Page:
Weekly Wire
Weekly Alibi Tibetan Freedom on the WWW

By Devin D. O'Leary

MARCH 16, 1998:  March 10 marks the anniversary of the 1959 nonviolent insurrection of Lhasa in Tibet. Although that insurrection marked the last days of freedom for the nation of Tibet, there is now (some 39 years later) a growing support for the ousted Tibetan refugees, for their spiritual leader the Dalai Lama and for the freedom of Tibet from Chinese rule. Today, Tibet remains firmly in the iron grip of the Chinese government, but there are those who are doing their utmost to sound the klaxon call of freedom for this tiny abused nation. From Dharamsala to cyberspace, word is getting out.

Fly a Flag For Tibet (www.grannyg.bc.ca/tibet/flyaflag)--To commemorate the anniversary of the Lhasa insurrection, some on the Internet have created the "Fly a Flag" campaign. The project was begun in 1996 when European embassies demonstrated their solidarity with Tibet by flying Tibetan flags. Cyberspace soon followed, and digital flags were waving on home pages all across the world. Surf on over to this site and you can choose one of three Tibetan flag emblems to display on your own Web site. Wired Ones are encouraged to display the flags from March 10 through 12. Granny G, who runs this site, also has a fine Tibetan resource directory for further Far East info.

Escape Into Exile (www.savetibet.org/exile)--This is one of the more personal sites out there to describe the plight of the Tibetan people. Photojournalist Nancy Jo Johnson is currently stationed in Dharamsala, India. She has made it her mission to chronicle the stories of religious refugees who have made the arduous escape from neighboring Tibet. Johnson's evocative photographs are accompanied by day-by-day journal entries from the assorted refugees she has encountered. Each tells a tale of hardship and suffering. This isn't anything like the nightly spillover of immigrants from economically troubled Mexico to our own country. The Tibetans aren't simply free to hop the fence at the Indian border if they are unhappy with conditions in their own country. All of the Tibetan refugees Johnson encounters have fled conditions so harsh that they were willing to endure a one-to-two month journey on foot across some of the most forbidding mountain landscape on the planet. Some are lost in chest-deep snow for four days. Others are stuck in a Chinese prison camp for 20 days. Still others have lost multiple limps to the crippling frostbite. Nancy Jo Johnson's project is remarkable because it gives a voice to the pictures we have seen so often.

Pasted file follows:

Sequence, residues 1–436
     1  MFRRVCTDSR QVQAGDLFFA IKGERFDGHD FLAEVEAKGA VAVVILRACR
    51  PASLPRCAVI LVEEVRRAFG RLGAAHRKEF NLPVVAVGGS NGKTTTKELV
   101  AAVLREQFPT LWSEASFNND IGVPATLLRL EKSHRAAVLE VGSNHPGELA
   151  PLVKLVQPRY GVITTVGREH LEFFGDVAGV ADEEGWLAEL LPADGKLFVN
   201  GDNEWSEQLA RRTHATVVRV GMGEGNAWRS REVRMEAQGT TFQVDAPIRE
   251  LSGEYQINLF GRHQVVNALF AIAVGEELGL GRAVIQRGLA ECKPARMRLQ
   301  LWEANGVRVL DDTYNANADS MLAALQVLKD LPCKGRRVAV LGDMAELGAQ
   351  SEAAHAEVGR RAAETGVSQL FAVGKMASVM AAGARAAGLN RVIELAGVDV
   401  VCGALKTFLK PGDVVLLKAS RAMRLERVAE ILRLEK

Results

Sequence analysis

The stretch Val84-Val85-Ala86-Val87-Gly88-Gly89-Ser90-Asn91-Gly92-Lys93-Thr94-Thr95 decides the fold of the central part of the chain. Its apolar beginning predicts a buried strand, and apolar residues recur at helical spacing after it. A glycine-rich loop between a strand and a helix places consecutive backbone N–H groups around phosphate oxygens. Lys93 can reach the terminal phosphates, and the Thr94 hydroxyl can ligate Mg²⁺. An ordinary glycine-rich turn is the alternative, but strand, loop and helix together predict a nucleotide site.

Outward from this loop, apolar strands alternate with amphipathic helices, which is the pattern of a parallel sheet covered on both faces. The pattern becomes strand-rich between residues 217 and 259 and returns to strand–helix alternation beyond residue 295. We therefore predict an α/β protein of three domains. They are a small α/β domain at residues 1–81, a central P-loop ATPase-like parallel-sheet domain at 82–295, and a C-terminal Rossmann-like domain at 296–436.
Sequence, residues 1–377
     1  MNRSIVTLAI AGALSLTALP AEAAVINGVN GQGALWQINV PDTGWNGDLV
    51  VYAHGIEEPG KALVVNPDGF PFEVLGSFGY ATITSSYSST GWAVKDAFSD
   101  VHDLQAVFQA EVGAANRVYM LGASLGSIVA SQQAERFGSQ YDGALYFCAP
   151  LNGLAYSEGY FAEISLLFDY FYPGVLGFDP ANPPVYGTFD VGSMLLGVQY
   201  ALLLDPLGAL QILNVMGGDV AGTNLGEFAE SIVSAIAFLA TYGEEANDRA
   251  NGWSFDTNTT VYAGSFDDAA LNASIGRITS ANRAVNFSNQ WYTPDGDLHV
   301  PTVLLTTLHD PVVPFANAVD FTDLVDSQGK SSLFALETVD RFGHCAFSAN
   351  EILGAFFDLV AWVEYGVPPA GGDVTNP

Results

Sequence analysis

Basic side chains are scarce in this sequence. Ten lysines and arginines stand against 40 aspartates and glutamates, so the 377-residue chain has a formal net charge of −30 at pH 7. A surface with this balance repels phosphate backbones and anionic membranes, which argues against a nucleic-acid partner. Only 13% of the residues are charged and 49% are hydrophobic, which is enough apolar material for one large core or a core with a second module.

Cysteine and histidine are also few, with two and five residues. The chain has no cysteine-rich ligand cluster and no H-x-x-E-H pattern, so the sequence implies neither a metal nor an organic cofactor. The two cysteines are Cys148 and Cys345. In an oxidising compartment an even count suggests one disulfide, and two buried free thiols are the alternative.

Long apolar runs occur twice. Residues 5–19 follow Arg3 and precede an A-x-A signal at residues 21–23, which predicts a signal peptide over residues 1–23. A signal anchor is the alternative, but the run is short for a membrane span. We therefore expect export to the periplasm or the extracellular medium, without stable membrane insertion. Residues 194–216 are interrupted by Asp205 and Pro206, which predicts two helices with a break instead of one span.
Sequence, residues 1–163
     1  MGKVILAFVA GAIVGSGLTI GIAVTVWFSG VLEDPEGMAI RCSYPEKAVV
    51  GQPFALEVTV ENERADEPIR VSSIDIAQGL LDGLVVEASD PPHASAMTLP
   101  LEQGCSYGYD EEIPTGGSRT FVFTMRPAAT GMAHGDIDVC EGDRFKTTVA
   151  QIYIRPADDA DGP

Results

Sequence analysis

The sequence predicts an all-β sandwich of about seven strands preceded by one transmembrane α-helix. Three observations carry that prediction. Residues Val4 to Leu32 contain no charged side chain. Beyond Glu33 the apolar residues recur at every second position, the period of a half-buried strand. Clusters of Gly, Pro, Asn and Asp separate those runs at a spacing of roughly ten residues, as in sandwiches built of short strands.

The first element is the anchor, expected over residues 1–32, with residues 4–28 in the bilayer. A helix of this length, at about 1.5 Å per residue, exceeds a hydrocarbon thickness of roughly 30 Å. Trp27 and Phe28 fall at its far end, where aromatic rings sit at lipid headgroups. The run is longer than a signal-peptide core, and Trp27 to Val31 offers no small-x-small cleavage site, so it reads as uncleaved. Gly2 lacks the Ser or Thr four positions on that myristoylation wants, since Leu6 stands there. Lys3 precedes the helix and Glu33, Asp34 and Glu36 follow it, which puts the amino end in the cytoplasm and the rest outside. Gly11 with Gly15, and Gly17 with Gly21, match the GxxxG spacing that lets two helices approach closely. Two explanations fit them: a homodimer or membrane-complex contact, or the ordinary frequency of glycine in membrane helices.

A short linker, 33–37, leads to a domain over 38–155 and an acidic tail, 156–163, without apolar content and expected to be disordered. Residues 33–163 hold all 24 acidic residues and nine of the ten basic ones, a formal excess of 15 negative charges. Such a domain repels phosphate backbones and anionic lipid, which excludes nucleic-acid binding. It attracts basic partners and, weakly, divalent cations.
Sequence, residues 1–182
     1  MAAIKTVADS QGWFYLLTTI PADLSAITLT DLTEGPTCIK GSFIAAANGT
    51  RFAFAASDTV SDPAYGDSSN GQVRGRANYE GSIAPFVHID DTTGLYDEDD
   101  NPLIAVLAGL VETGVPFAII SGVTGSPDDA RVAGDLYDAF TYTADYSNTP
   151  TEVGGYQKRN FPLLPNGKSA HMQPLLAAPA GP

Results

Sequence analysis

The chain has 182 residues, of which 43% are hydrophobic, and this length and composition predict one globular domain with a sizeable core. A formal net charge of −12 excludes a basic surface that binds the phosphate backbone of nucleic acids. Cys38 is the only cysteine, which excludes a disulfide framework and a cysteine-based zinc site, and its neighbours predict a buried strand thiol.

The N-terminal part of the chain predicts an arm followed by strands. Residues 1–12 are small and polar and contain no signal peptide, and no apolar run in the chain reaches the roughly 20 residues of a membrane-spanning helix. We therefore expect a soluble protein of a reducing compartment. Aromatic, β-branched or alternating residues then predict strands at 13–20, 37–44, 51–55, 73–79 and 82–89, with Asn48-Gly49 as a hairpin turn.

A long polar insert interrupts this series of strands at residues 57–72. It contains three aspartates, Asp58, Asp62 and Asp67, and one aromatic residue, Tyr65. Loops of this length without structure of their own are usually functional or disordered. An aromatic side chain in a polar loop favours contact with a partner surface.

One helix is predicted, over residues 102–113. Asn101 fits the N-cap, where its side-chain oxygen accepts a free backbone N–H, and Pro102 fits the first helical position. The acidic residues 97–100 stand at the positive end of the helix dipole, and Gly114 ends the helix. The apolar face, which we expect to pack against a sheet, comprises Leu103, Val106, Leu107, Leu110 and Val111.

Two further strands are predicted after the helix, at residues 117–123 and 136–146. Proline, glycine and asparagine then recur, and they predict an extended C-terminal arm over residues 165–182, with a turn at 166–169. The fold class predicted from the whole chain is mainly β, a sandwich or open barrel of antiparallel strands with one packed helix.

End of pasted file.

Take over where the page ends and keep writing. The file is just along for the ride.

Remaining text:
Free Tibet Campaign (www.freetibet.org/)--This organization (based in London) is one of the largest dedicated to the liberation of Tibet. Although many of the events and action items talked about here take place in England, this is a good place to learn about breaking news and other resources. The Free Tibet Campaign, for example, was recently able to convince the Holiday Inn chain to pull out of Tibet. The films Seven Years in Tibet and Kundun are about to open in London, and the buzz is sure to grow throughout England. Expect lots of important information to flow from this group and their well-organized Web site.

Project Tibet (www.nets.com/tibet/)--Project Tibet is a nonprofit organization founded by Tibetan refugees in the United States. The aim of the group (based in Santa Fe, N.M.) is to preserve the heritage and to maintain the customs and traditions of these displaced peoples. Project Tibet maintains a large store in Santa Fe which sells Tibetan crafts, jewelry and religious items. Profits from this store go to help establish farms and handicraft centers in Tibetan refugee camps in the hopes that the Tibetan people will soon be self-sufficient. Unfortunately, Project Tibet doesn't seem to have an option for ordering over the Web just yet. There are e-mail addresses for reaching the project's director and detailed directions to the Tibetan store.


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